This book considers both the present state of Arctic shipping and possible future trends with reference to the various sectors of maritime transportation: cruise tourism, container traffic and bulk shipping. Ports are analysed as tools that support the strategies of coastal states to foster the development of resource extraction, enhance the attractiveness of Arctic shipping lanes and enable the control of maritime activities through coast guard deployment.
The aim of this book is to draw a picture of the trends of Arctic shipping. How is traffic evolving in Canada’s Arctic, or along the Northern Sea Route? Are there significant differences between bulk and container shipping segments when considering the Arctic market? How are the ports and the hinterland developing and what are the strategies behind those? How is the legal framework shaping the evolution of maritime transportation? The contributors to this book consider all of these questions, and more, as they map out the prospects for Arctic shipping and analyse in detail the development of Arctic shipping as a result of multi-variable interactions.
This book will be key reading for industry professionals and post-graduate students alike.
Table of Contents
Introduction Part 1. The economics of Arctic shipping. 1 Weather constraints on ships serving coastal settlements in Nunavik, 1993 to 2016 2 Approaches of the profitability of Arctic shipping in the literature 3 Modelizing the profitability of liner Arctic shipping 4 An economic analysis on the NSR viability of an Ice Class 1A oil tanker vessel. 5 Transit Traffic Analysis along the NSR and the NWP 6 The Evolution and Relative Competitiveness of Global Arctic Cruise Tourism Destinations Part 2. The impact of the advent of the Polar Code. 7 From Atomised Legislations to Integrated Regulatory Framework: The Polar Code (R)Evolution? 8 Shipping in the Canadian and Russian Arctic: Domestic Legal Responses to the PolarCode Part 3. Arctic shipping and port development. 9 An analysis of the Arctic ports. 10 Analysis of Russian Arctic port system using AIS data 11 Free ports as a tool to develop the navigation in the Arctic. 12 The Opportunities and Challenges of Developing the Arctic Area and Shipping in Canada Conclusion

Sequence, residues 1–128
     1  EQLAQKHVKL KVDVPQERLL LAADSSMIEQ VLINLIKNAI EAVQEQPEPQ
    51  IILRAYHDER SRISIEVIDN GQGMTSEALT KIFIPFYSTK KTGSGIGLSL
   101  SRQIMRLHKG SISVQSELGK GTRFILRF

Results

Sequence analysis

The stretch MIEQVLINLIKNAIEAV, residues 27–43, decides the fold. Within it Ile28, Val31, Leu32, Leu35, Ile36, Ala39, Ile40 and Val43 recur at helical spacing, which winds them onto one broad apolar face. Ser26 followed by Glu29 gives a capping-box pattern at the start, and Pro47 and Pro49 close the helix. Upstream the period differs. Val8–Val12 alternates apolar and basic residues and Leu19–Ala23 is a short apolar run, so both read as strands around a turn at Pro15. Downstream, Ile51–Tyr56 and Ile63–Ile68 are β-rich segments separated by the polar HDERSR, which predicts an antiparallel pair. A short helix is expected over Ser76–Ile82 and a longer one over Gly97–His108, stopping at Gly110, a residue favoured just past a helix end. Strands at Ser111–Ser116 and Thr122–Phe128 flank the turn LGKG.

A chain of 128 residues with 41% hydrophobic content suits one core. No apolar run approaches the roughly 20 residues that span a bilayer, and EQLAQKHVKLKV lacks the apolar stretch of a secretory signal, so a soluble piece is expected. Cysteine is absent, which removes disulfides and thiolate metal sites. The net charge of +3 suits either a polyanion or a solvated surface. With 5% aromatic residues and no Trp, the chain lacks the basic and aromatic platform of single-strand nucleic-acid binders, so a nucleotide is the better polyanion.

Frédéric Lasserre is Professor in the Geography Department at Laval University, Canada and heads the Quebec Council for Geopolitical Studies. He was Project Director with Canada’s ArcticNet research network between 2010 and 2015.
Olivier Faury is an Assistant Professor at EM Normandie in Le Havre. He completed his PhD in 2016 on the economics elements that may increase the attractiveness of the Northern Sea Route comparing to the Suez Canal Route. Since July 2016, he has been working on the Arctic with a focus on the legal, risk, shipping and port parameters.